That’s according to a new report from GoCompare today.
The company sampled the connectivity of 57 “business hubs” (known to most of us as “towns”) across the UK, taking into account an array of digital infrastructure such as wifi availability, broadband speed and mobile/4G coverage.
The results were collated into an interactive visualisation where you can see the overall ranking or sort cities by the three connectivity criteria. The cathedral city in Devon faired worst, nabbing the nadir from Carlisle and Hereford. .
The worst-connected UK cities are spread across the South of England, Midlands and Wales. Where these cities fail in mobile and broadband connectivity, some make up for it by offering a higher number of public wifi hotspots per person.
The full breakdown of the bottom 10 is:
The government is pushing for ambitious full fibre plans across the country, but network providers face significant capex constraints and progress – like that of 5G – has been slow, with many areas facing large signal dead zones.
In April the UK government turned to an unlikely source of help – the Church of England – inking a three-page agreement that will see church spires used to host aerials and other equipment that can improve connectivity.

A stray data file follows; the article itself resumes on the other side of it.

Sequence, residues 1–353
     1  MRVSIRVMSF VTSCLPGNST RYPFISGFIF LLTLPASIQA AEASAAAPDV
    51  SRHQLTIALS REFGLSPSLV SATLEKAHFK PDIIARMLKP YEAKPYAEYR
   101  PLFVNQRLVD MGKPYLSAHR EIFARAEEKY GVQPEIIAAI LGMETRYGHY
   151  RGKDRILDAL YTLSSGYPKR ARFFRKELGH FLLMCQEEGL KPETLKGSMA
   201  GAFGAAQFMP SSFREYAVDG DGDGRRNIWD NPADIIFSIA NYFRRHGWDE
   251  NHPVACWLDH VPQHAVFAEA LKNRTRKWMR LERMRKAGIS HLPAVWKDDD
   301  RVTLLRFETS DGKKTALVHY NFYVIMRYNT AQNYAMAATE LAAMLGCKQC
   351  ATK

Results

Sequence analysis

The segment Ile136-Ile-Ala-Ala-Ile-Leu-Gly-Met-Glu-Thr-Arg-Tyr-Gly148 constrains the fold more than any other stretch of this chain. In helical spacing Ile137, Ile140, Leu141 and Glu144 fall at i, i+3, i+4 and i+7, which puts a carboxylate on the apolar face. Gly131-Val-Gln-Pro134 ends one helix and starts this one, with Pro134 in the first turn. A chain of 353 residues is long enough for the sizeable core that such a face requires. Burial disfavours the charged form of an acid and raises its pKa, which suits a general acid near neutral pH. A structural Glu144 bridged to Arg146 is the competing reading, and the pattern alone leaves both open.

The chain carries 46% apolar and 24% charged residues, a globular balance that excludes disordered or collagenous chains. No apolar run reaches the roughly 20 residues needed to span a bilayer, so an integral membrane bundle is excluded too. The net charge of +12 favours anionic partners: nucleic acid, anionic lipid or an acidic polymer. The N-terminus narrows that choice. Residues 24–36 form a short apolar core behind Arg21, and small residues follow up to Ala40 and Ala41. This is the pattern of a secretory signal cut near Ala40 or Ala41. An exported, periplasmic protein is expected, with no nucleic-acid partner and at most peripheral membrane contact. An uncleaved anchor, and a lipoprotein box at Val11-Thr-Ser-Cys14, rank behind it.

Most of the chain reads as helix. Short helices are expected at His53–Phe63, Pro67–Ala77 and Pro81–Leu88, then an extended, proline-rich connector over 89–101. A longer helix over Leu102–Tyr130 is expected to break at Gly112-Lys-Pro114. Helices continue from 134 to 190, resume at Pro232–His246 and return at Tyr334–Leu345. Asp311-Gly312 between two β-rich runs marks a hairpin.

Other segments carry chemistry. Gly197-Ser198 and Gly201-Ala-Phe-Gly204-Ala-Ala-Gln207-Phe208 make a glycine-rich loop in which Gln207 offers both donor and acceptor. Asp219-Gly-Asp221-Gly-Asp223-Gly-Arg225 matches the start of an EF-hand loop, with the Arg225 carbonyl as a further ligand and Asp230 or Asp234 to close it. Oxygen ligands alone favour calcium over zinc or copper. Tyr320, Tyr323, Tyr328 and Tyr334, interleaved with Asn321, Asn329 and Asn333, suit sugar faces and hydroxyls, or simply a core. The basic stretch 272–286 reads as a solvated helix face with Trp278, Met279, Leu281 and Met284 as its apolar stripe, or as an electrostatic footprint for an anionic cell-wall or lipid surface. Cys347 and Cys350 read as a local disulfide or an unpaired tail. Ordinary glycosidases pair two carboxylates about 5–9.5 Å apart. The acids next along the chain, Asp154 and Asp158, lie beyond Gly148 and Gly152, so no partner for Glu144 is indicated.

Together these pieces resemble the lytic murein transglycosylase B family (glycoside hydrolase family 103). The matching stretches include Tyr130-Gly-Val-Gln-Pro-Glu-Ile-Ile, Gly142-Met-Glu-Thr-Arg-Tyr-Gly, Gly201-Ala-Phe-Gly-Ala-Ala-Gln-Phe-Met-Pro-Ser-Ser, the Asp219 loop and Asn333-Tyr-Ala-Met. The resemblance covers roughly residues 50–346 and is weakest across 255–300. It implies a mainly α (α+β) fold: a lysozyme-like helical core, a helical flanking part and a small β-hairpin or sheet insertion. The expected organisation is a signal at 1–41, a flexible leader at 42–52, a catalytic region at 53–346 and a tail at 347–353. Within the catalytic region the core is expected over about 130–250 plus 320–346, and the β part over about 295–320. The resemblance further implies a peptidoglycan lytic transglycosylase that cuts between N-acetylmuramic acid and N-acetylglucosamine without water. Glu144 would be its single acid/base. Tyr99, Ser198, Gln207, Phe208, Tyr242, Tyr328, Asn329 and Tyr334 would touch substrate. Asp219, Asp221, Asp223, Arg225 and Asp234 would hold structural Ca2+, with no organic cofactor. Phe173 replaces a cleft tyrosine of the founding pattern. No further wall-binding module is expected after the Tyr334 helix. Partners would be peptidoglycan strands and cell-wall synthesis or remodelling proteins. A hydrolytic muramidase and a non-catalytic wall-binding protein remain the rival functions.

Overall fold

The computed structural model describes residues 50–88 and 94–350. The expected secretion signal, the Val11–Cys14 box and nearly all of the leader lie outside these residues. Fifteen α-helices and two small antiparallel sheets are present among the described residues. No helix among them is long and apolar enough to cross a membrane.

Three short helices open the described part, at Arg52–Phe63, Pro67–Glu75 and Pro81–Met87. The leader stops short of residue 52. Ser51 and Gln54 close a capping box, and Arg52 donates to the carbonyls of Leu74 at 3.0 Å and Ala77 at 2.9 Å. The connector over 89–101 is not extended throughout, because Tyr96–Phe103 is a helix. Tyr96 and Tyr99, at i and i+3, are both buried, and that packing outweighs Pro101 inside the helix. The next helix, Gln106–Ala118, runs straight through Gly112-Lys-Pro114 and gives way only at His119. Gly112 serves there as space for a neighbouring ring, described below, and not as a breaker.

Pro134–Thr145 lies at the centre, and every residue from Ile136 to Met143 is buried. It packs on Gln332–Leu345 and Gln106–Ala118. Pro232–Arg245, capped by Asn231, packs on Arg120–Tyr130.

Whether that can help the country climb back up the rankings for mobile connectivity remains an open question. A report by network performance monitor OpenSignal last month found that the UK’s 4G availability (77.2 percent) lags that of Macedonia, India, Thailand and average speed (23.11Mbps) lags that of Ecuador, Albania and Armenia.
The firm’s international survey placed the UK in 39th spot internationally, four behind the mountainous Transcaucasian Republic. With an average 4G speed of 23.11Mbps, the UK also found itself two places behind Mexico.
Martyn John, from GoCompare, commented: “As a technologically advanced nation, the UK could be expected to provide its population with equal access to high-quality internet. However, this study goes to show that more needs to be invested in some cities to offer their inhabitants the same online opportunities that people in London or Manchester receive.”
This article is from the CBROnline archive: some formatting and images may not be present.
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